What started out as a side project for the designers slowly turned into a full-time occupation as the design gained momentum. When construction began in the summer of 2016, Furman realized it was time to leave his father’s firm and start his own practice. He and Grabiel founded Side Angle Side that summer, which gave them time to be on site during construction and allowed them to make many on-the-fly design decisions. The couple recognizes that this spur-of-the-moment design process is different from most, but also that this project is different from most. “This is a first for us, because we were thinking about how to design on something that you can design anything on,” Grabiel says. “At the same time, it was important for this house to feel grounded and have soul.” Dunn’s confidence in the duo helped facilitate both the synergistic design process and the impetus to establish a name for themselves as a team. This confidence was inspired, in part, by the success of famous collaborative efforts throughout history. Dunn referenced the work of Julius Shulman, Richard Neutra, and Raphael Soriano when describing relationships that “have grown up together,” much like Dunn, Weinstein Dunn, Furman, and Grabiel did during the process. Their desire to have a peer-to-peer working relationship — rather than designer-to-client — influenced Dunn to work with Furman from the beginning.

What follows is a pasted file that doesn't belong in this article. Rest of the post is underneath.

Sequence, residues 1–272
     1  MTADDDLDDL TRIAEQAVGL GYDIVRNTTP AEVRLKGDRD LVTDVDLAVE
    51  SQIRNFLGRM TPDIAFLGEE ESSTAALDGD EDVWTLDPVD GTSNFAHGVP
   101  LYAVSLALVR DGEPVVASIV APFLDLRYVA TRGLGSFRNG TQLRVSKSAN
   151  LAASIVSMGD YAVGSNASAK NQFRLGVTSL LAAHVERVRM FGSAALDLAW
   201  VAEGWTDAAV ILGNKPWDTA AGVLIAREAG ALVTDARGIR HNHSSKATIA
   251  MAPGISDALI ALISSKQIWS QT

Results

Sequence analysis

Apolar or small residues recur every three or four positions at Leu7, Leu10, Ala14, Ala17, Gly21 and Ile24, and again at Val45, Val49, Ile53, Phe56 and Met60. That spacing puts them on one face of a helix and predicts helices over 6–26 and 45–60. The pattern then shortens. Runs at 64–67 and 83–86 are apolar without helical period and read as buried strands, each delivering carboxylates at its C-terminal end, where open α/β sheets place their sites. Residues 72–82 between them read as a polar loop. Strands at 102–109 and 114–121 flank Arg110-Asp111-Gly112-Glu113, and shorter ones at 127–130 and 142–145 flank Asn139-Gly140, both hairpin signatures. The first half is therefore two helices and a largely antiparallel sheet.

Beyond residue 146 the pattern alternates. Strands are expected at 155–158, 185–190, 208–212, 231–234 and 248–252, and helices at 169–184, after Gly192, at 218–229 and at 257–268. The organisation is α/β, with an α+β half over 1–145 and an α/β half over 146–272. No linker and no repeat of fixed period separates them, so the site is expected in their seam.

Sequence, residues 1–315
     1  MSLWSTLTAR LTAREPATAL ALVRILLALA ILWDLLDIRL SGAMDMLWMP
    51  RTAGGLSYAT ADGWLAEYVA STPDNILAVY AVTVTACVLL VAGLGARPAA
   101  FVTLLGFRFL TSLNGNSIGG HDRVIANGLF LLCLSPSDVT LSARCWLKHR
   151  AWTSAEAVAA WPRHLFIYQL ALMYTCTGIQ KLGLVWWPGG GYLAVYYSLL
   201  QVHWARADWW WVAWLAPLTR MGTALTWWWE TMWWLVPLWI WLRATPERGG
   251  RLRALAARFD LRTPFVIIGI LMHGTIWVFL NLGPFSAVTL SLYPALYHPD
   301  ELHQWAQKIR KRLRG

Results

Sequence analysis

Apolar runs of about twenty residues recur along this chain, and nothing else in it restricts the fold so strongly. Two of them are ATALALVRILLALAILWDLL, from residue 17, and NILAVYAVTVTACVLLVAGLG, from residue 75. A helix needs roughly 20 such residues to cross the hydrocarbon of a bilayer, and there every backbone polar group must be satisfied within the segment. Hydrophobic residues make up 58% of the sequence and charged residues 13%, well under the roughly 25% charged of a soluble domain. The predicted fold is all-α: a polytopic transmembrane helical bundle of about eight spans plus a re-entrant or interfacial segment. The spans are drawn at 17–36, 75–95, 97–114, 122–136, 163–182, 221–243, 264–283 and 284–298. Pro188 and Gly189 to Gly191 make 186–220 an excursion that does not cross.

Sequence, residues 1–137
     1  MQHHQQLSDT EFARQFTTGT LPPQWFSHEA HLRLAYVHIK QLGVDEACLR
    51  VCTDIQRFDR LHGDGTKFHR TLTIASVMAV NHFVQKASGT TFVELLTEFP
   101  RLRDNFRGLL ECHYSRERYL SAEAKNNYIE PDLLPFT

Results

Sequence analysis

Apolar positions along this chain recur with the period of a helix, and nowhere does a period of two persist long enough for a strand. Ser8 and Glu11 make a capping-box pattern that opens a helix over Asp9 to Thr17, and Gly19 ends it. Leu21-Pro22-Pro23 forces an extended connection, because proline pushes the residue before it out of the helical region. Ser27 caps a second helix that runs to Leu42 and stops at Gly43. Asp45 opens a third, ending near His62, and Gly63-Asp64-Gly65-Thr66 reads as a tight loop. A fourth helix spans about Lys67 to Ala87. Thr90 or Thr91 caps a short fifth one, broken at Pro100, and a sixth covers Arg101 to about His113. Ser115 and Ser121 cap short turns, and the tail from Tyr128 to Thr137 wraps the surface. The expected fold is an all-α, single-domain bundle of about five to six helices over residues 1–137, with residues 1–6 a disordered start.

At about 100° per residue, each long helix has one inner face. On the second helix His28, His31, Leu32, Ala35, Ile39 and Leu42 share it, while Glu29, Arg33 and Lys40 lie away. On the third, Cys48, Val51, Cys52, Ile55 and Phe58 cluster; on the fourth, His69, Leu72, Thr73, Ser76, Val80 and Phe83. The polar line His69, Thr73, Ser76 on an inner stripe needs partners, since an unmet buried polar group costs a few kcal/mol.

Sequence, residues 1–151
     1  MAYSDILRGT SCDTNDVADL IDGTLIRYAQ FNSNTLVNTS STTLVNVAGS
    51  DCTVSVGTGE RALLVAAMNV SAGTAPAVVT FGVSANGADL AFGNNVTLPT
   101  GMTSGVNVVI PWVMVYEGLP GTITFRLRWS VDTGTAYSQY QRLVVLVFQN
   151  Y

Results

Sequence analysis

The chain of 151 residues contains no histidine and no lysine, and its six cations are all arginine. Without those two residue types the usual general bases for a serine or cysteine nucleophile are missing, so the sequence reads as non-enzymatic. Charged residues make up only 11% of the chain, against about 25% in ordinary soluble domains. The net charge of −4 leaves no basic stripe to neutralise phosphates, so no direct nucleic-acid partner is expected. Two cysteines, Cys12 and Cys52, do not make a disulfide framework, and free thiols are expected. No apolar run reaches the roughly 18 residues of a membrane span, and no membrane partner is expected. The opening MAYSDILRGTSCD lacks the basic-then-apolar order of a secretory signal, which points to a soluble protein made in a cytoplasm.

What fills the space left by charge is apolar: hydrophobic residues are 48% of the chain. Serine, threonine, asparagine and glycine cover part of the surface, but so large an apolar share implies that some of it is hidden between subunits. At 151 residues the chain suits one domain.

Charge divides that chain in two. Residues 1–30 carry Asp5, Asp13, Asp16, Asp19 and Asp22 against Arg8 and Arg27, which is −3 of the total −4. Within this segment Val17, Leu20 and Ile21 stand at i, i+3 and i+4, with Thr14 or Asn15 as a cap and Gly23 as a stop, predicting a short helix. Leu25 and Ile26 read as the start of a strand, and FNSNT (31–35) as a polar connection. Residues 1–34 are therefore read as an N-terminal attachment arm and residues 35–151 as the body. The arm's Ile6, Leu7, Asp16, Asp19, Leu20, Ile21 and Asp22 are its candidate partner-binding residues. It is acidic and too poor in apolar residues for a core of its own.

As a project of firsts — first house for Dunn and Weinstein Dunn; first project for Furman and Grabiel, both as a couple and as Side Angle Side — there were external pressures to be felt. However, drawing inspiration from different backgrounds, regions, and genres did not convolute the structure but instead produced simplicity and restraint. Thoroughly unique in its ability to appear both timeless and modern, Dunn’s house along with the story behind it is an example of the possibilities that can come of partnerships between friends and couples.
Mackie Kellen is a rhetoric student at The University of Texas at Austin and an editorial intern at TA